Archive by Author

The Quest for the Historical Adam

Our friend, Dr. William VanDoodewaard of Puritan Reformed Theological Seminary and The Christian Pundit, has just published a work entitled The Quest for the Historical Adam.  In this day of increasing attacks on the Bible’s authority, Adam is now portrayed as a mythological figure even by those calling themselves evangelicals. Bill has done meticulous historical and theological research that validates the orthodox teaching regarding Adam and explains why anyone believing in the gospel of Jesus Christ must also believe in the reality of Adam.

Listen to Bill’s further explanation for the book in the video below, and then read Al Mohler’s forward that follows.  To pre-order the book at a discounted rate, go here.

Al Mohler’s Forward

Each generation of Christians faces its own set of theological challenges. For this generation of evangelicals, the question of beginnings is taking on a new urgency. In fact, this question is now a matter of gospel urgency. How are we to understand the Bible’s story if we can have no confidence that we know how it even begins?

In terms of the gospel of Jesus Christ, the most urgent question related to beginnings has to do with the existence of Adam and Eve as the first parents to all humanity and […]

Love Brothers, Love Strangers

Let brotherly love continue.
Do not neglect to show hospitality to strangers…
Hebrews 12:1-2

“You know what the key to evangelism in the 21st-century will be, don’t you?”

Recently I read an older article at Desiring God, where David Mathis told of being in a class on intensive evangelism and being asked this question by Steve Childers, director of Global Church Advancement.  Childers waited, then gave the one word answer.  “Hospitality.”  If you want a further development of Childer’s answer, read Mathis’ article entitled “Hospitality and the Great Commission.”

Childers is correct.  Repeatedly the Bible shows God using hospitality to advance the kingdom of God.  From Jesus eating with tax gatherers and sinners to Cornelius inviting people into his house to hear Peter, the Lord used homes to spread the gospel. Mathis’ post shows how thoroughly Biblical and how often commanded showing hospitality is, especially in our witness to Christ.

Next month our congregation will begin a series of evangelistic services called Stories of Hope.  Rather than only trying to encourage members to invite friends to those services, we have been urging them to pray for and then befriend more deeply those around them.  We do no want their friends only coming to hear the testimonies and gospel story preaching at the services; we want their […]

Brothers, Love Your Sisters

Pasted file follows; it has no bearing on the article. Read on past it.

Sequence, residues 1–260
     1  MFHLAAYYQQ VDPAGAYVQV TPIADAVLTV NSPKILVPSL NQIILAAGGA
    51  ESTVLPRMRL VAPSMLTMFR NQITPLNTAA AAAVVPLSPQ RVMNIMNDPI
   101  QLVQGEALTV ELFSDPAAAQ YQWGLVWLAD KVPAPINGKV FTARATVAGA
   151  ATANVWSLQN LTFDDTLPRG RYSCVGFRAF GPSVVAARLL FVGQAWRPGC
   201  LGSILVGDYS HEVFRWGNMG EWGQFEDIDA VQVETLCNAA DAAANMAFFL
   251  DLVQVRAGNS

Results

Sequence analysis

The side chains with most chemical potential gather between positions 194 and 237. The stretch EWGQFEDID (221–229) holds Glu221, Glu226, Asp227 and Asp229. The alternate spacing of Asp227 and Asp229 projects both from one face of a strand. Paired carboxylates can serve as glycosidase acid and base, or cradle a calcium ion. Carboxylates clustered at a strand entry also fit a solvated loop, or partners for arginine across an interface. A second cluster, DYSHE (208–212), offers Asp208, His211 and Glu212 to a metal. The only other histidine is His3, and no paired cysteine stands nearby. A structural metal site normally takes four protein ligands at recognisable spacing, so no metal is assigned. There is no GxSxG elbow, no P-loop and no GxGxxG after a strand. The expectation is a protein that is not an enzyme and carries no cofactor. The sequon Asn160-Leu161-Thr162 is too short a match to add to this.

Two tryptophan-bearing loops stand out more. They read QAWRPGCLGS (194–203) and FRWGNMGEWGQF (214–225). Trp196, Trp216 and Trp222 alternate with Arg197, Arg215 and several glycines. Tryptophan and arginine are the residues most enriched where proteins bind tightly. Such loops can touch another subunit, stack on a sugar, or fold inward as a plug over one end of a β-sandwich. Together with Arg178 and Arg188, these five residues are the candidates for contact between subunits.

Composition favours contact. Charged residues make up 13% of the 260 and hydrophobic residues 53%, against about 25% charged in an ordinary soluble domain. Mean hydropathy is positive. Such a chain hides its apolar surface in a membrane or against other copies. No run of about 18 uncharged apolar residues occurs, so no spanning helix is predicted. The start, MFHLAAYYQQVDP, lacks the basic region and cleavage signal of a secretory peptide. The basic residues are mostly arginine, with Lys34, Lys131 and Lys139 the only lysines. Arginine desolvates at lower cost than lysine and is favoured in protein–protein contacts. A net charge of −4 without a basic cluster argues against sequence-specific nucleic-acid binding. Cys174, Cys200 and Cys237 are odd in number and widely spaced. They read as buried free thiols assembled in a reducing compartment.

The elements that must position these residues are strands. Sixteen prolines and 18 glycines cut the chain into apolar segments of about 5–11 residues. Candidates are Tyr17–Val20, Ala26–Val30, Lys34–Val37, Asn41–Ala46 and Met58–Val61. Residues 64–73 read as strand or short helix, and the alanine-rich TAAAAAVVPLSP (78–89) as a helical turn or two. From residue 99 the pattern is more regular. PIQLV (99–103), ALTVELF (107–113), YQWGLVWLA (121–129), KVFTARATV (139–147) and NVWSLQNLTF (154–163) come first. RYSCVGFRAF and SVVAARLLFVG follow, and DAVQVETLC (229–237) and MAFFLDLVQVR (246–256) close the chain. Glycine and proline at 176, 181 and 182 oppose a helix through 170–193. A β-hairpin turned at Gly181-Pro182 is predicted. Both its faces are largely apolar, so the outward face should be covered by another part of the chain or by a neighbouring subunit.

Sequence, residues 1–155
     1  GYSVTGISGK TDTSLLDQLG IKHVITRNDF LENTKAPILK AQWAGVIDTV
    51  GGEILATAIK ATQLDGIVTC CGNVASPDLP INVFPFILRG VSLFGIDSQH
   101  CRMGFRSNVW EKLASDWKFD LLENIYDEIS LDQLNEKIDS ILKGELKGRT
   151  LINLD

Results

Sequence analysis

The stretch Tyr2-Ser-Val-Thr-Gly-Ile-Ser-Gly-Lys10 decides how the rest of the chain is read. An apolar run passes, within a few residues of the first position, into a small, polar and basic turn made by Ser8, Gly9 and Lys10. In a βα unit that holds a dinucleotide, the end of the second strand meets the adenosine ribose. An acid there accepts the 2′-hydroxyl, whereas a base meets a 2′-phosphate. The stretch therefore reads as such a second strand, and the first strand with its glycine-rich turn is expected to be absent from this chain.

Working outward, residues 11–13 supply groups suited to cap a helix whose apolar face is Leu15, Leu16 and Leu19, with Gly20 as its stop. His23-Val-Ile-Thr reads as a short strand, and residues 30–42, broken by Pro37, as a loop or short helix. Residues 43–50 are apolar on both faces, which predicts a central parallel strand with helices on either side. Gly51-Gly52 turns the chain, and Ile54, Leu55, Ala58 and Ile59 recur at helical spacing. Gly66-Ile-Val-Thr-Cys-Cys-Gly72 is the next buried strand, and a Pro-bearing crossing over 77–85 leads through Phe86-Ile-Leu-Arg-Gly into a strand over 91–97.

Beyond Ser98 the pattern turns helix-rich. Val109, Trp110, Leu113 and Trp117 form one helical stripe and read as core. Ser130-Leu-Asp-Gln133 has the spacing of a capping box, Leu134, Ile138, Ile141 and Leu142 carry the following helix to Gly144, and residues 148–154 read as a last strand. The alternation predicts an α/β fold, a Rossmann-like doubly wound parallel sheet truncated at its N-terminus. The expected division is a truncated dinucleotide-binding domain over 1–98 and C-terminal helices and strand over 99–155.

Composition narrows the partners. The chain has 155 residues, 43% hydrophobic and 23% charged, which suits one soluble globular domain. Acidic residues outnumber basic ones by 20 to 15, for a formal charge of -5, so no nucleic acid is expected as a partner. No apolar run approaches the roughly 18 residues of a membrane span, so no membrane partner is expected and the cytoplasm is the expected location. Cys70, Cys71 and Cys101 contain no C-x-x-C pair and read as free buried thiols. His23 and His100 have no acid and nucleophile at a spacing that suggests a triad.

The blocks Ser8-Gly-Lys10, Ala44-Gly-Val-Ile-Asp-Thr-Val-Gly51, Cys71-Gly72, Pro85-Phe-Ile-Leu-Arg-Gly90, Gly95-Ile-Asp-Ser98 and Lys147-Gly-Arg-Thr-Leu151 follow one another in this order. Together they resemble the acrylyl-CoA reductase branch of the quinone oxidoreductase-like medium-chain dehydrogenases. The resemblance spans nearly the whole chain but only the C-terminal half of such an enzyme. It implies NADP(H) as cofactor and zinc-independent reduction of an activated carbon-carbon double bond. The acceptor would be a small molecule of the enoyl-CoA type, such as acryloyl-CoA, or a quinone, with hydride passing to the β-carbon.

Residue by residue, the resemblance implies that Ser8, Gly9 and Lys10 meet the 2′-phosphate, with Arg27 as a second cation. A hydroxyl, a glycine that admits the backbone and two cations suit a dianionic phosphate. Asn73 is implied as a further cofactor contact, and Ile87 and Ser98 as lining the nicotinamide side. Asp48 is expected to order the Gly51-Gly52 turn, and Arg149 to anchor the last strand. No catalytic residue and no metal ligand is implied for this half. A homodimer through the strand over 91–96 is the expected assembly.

With so much talk of brotherly love in the Scriptures, it is sad that there are too few expressions of it witnessed in familial life. Especially in brothers loving their sisters.  Often it seems that brothers are too busy for sisters and bothered with their interests. With so many young ladies looking for attention in all the wrong places these days, you wonder how different things would be if brothers simply loved their sisters.

Yet that raises the question.  Brother, how do you love your sister?  Here are five simple encouragements.

Listen to her. As my own family of three boys and three girls grew, with the genders alternating boy-girl-boy-girl-boy-girl, each brother had a younger sister looking up to him.  I noticed every day that the younger sister wanted to talk and tell the older brother what was going on in the home, in her thoughts, in our lives.  Brother, you can learn to love your sister by putting down the ball or turning away from the screen for a few minutes, looking your sister in the eyes, and listening to what she is wanting to tell you.  Let her know that when she needs to talk to someone, you will be one person that will […]

The Christian Use of the Imprecatory Psalms

Last week an interesting article appeared on one of my favorite blogs, Reformation 21, entitled “ISIS and the Imprecatory Psalms.” Excited to see how the Psalm portions that involve praying the covenantal curses against the enemies of God would be treated, I eagerly read it.  Author Carleton Wynne, using the fullness of the revelation given to us in the New Testament, makes many good points about the historical rootedness of these prayers, wrongful applications of them, the ultimate fulfillment they will have in the final judgment, and the Christian spirit in which they should now be prayed.  The article is well worth a read.

Providentially, I just completed a teaching course on preaching, where one assignment the students had was to develop a sermon from the imprecatory Psalms.  As we discussed this article, we felt that one thought that runs through the article was a bit unsatisfying.  Though he makes some concession to praying for justice in this life, Wynne seems uncomfortable with prayers for imminent justice when he asks and answers the following question at the end.

So may we pray the imprecatory Psalms today? No, in the sense that Christians today may not pray the imprecatory Psalms with outstretched finger, identifying enemies who do them […]

GenRef Podcast: The Happy Christian by David Murray

Recently we interviewed Dr. David Murray, Professor of Old Tes­ta­ment and Prac­ti­cal The­ol­ogy at Puri­tan Reformed The­o­lo­gical Sem­i­nary, about his latest book, The Happy Christian.  Austin and I enjoyed a lively discussion with David as we talked about such topics from the book as the new “happy psychology” research, the impact of news on our emotional state, and the joy we can have in appreciating the differences of others.  I hope you will give it a listen below.

If you do listen, be sure to pay attention on how to enter our book giveaway.  One listener will receive a free copy of The Happy Christian.  Even if you do not win, you can order a book by clicking the image.

If you desire a happiness that is much truer than the latest platitude from Joel Osteen, reaches much deeper than the positive psychology offered by Gretchen Rubin, and lasts longer than a Pharrell Williams’ song, then you should read – and apply – The Happy Christian. Here is my endorsement.